Title: Dorothy Must Die
Author: Danielle Paige
Date Read: 21/07/2015 – 28/05/2015
I had really mixed feelings about this book. In and of itself, it wasn’t bad, but as an Oz adaptation, it fell a bit flat. And I’m not really even that up on my Oz stuff. I’ve described it to a couple of people who know far more about Oz than I do, and they didn’t sound too fussed.
The story centres on Amy Gumm, “the other girl from Kansas”, who ends up in an Oz that is vastly different from the one she knows from the movies. Dorothy was made a princess and has essentially taken over, power and magic going to her head. As someone else from Dorothy’s world, Amy is given the task of killing her and restoring Oz to its former glory. But to do this, she has to face the Scarecrow, Tinman and Lion first.
The back cover blurb on the book talks about Amy being given a mission. The fact of the matter is that this mission is only presented to her in the last 50 pages or so of the book. A lot of the book centres on her learning her own magic skills, and then infiltrating the Emerald City to get close to Dorothy. But I will give you this spoiler: Dorothy isn’t dead by the end (you probably figured that, since there’s at least one sequel).
The main issue I had with this book, I think, is that it felt so far removed from any Oz that I knew. I kept thinking of Gregory Maguire’s book, Wicked, where Oz may be grimmer and darker, but is still instantly recognisable as Oz. Now, like I said, I haven’t read many of the Oz books, but I got the feeling that Danielle Paige was essentially doing her own world-building around a few recognisable characters and locations and calling it Oz. The magic all felt a bit too contemporary to be inspired by a magic system invented for books written a hundred years ago.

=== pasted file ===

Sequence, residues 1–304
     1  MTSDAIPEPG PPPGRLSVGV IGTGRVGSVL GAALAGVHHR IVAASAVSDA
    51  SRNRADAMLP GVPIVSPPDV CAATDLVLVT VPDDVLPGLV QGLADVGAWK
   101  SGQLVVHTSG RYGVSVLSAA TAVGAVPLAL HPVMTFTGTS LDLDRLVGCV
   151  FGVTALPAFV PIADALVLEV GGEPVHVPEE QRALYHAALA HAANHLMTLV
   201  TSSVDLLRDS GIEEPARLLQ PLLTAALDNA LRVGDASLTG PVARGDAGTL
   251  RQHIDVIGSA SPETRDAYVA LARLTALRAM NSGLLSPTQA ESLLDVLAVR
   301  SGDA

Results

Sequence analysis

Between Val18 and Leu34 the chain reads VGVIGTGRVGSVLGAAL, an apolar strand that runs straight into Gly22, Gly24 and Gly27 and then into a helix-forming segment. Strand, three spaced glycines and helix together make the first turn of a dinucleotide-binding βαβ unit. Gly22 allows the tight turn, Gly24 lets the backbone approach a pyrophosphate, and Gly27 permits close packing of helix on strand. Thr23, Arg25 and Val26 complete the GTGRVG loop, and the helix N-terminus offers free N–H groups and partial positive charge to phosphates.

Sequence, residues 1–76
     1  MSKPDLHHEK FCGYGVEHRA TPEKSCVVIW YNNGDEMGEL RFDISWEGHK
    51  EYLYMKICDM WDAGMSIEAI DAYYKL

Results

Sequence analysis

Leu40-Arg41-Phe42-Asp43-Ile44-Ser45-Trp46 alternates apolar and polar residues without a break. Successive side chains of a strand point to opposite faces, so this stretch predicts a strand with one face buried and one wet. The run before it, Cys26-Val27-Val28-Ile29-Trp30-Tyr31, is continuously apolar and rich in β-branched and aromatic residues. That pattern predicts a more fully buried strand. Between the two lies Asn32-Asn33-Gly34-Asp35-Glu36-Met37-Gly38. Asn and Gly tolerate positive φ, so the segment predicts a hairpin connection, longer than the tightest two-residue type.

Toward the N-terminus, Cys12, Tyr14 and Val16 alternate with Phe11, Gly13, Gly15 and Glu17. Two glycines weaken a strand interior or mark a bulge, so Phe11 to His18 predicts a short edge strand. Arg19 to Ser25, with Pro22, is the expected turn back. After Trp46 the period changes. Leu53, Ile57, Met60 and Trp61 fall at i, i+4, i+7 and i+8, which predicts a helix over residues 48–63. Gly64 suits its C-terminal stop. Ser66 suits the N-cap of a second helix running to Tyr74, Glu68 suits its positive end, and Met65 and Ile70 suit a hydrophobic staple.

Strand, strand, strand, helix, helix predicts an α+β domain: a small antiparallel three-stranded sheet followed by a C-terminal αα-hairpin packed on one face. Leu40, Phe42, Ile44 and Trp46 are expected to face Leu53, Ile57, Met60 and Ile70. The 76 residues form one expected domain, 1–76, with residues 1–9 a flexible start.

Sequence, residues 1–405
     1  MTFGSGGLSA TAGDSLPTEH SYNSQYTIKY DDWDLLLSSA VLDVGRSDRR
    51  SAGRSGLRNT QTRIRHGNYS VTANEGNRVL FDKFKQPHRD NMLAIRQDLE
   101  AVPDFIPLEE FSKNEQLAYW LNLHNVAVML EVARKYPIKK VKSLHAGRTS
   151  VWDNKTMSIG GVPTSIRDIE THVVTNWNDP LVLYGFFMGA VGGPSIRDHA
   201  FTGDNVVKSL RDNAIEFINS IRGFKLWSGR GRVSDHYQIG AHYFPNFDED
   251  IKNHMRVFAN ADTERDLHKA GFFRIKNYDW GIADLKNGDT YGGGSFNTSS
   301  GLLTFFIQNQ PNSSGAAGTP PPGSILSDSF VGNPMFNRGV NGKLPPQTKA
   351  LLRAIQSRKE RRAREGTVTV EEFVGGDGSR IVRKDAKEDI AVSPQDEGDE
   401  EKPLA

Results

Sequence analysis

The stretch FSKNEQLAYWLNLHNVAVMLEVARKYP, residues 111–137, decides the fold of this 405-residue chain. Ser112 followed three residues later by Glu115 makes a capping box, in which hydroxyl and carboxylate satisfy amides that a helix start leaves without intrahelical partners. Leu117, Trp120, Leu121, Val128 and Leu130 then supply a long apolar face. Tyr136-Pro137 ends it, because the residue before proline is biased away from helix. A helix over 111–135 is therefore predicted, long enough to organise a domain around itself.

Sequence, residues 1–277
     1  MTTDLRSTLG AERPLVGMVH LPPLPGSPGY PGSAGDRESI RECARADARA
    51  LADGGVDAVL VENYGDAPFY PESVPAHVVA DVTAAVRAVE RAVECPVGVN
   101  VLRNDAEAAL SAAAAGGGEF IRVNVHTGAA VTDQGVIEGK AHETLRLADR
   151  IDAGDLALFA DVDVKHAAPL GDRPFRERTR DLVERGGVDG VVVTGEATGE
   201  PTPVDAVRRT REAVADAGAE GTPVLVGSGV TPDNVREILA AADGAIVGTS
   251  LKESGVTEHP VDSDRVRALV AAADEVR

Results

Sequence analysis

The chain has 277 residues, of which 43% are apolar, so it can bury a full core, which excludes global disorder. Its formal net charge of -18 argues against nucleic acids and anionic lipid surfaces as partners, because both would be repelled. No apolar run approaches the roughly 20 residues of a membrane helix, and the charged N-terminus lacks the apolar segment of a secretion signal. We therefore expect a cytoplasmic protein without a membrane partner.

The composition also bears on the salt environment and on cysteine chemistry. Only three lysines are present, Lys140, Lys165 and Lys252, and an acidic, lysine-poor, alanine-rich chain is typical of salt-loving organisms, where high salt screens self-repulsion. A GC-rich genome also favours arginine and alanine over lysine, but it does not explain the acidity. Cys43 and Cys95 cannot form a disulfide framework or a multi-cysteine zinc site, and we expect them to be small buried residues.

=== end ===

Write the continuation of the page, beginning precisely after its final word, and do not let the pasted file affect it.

I did quite like Amy, and most of the side characters. The alternate versions of Dorothy’s three companions were also actually quite good. The Scarecrow was now an inventor due to his brains, the Tinman is the head of Dorothy’s army and also hopelessly in love with her (thanks to his heart), and the Lion is now near invincible due to his ability to feed off the fear of others. It was Dorothy herself whose characterisation I didn’t like. Think someone like Cher from Clueless, except if she was also a heartless tyrant in control of an entire world. Dorothy was either doling out awful punishments and threatening to kill people, or she is getting her nails done and her hair brushed. It was a bit jarring, and I just couldn’t see turn-of-the-20th-century farm-girl Dorothy Gale becoming that kind of twenty-first century preppy ditz.
I was also in Amy’s side in regards to her treatment by those who were training her; they insisted that only she could kill Dorothy, but they never told her what the plan was. She went ahead and made a choice that she thought would be a good idea at the time, which ended up screwing up the plan. Well, maybe if she’d known…! And instead of an apology, she just got continually told off by those who then swooped in to fix everything.
As I said, this story wasn’t so bad in and of itself, and I didn’t mind spending the time reading it, but I don’t think I’ll be hurrying off to read the sequel. I’d actually probably prefer to sit down and read some more of the original Oz books.